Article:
As part of weight management counseling, we often advise patients to eat ‘breakfast like a king, lunch like a prince, and dinner like a pauper’.

A new study, by Jakubowicz and colleagues, tested this approach in a clinical trial.  They randomly assigned a group of overweight women to have more of their daily food intake at breakfast (700 calories at breakfast, 500 calories at lunch, and 200 calories at supper), or to have more of their daily food intake at supper (200 calories at breakfast, 500 calories at lunch, and 700 calories at supper) for three months.

Not only did the women eating more at breakfast lose more weight than the women eating more at supper, but the breakfast group also had a greater improvement in blood sugars, insulin resistance, and a type of cholesterol called triglycerides.  In addition, the breakfast group reported less hunger and more fullness after a meal, and their ghrelin (hunger hormone) levels were lower than the supper group.

So why does eating more food at breakfast work?  Previous studies have shown that eating breakfast may help to regulate brain activity to control eating behaviours later in the day, especially if the breakfast is high in protein. Contrast this with a day we have probably all experienced at some point, where you skipped breakfast, ate very little for lunch, and upon coming home at the end of the day, you were just so hungry that you had to eat and eat NOW – does that feeling sound familiar?   In that setting of intense hunger, we often overeat, as food is often eaten quickly – remember that it takes 10-15 minutes for the fullness hormones to start to kick in.  So, people who don’t eat enough during the day will often eat their entire day’s calories (and then some) at the end of the day.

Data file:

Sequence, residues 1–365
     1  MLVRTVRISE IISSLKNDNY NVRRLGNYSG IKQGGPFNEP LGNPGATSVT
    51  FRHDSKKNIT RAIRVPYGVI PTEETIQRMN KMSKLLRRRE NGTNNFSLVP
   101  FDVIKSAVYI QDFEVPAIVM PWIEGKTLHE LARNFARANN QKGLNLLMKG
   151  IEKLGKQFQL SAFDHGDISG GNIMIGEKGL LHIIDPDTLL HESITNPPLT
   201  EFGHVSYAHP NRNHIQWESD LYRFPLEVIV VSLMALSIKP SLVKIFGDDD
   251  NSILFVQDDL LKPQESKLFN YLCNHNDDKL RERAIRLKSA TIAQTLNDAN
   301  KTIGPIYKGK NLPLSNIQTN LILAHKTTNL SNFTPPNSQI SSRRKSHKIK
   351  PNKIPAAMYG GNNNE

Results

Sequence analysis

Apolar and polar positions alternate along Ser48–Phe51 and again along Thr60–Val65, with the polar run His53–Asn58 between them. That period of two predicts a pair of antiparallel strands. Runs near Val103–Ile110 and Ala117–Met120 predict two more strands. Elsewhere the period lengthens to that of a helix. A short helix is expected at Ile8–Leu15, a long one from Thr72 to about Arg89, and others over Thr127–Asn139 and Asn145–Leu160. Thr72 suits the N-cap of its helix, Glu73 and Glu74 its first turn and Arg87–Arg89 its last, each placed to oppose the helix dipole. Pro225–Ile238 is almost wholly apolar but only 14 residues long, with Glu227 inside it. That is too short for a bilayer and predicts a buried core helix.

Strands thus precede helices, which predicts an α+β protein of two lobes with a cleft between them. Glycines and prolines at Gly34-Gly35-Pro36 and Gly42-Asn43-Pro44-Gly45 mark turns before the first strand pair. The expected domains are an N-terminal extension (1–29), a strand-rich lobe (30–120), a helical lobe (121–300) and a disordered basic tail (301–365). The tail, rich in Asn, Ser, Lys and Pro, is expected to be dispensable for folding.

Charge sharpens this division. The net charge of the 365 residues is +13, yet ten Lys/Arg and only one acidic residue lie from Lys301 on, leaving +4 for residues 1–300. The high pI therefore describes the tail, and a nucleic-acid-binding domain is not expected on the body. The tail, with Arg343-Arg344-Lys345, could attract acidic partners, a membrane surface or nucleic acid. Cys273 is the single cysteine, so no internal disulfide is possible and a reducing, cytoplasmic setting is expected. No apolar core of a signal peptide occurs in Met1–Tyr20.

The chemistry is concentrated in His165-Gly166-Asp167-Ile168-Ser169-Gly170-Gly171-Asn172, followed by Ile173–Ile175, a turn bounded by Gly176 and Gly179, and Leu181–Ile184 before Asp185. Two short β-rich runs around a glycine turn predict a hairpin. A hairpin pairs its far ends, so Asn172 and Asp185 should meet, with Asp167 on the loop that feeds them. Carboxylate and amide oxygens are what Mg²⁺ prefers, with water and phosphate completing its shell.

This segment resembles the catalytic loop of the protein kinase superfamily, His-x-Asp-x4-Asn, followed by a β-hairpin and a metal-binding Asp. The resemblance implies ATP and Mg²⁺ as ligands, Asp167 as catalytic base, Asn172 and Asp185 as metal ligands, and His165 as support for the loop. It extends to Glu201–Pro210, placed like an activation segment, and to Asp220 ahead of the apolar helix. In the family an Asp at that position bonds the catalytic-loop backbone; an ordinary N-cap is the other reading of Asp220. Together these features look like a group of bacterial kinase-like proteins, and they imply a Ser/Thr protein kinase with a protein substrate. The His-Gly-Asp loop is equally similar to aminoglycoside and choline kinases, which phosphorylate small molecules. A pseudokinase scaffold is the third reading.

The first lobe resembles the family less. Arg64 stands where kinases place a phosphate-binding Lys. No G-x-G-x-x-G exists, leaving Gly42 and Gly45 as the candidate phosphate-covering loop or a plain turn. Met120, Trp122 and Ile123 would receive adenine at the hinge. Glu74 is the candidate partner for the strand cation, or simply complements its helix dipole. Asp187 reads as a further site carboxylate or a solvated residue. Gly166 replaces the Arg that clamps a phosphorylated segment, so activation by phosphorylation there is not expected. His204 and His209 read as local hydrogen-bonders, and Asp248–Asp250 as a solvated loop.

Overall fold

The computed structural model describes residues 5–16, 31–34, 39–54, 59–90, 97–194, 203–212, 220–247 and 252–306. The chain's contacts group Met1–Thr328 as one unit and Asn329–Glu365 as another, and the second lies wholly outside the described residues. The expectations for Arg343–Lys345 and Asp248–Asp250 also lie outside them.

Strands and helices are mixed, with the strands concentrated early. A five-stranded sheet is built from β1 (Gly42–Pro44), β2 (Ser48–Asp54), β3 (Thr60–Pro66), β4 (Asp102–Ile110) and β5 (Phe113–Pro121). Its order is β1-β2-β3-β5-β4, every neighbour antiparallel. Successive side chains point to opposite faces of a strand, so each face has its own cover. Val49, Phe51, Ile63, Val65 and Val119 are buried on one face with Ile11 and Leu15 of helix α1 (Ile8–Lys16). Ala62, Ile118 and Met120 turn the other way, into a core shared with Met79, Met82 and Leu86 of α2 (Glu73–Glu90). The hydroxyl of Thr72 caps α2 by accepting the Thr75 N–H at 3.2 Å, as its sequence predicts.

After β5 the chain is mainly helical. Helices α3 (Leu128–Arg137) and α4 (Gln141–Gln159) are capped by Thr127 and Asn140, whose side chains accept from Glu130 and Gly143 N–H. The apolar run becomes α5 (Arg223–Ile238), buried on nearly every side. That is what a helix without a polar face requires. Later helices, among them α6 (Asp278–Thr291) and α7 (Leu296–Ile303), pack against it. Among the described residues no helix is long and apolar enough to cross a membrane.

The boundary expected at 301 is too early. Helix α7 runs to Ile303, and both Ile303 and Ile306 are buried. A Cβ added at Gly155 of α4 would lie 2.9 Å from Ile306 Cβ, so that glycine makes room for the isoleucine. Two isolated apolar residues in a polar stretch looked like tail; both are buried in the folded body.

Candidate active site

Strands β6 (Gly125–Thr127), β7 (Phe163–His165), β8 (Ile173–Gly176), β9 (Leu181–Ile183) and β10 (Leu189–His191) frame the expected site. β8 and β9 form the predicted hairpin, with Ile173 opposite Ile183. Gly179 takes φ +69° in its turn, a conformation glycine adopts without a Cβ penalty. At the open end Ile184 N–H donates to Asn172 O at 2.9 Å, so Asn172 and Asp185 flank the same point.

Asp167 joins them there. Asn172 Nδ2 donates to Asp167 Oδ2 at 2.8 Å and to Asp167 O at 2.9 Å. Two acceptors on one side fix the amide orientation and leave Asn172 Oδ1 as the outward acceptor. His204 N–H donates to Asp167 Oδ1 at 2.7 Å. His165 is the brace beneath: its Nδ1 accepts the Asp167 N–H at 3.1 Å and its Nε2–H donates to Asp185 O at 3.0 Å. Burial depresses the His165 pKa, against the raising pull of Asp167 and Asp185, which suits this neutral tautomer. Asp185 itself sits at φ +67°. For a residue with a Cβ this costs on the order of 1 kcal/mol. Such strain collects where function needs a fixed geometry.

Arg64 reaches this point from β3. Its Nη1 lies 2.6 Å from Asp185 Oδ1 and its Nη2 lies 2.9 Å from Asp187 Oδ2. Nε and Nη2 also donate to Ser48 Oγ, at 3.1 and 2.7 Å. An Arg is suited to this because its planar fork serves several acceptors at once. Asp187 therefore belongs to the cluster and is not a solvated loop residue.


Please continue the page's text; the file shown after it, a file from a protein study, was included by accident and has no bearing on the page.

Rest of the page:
So, prepare your shopping list to include healthy, bodacious, proteinaceous breakfast foods, like Egg Beaters, skim milk, no-salt-added cottage cheese, and lean cuts of deli meat – and enjoy!

Thanks to Obesity and Energetic Offerings for the heads’ up on this study!

Dr Sue Pedersen © 2013

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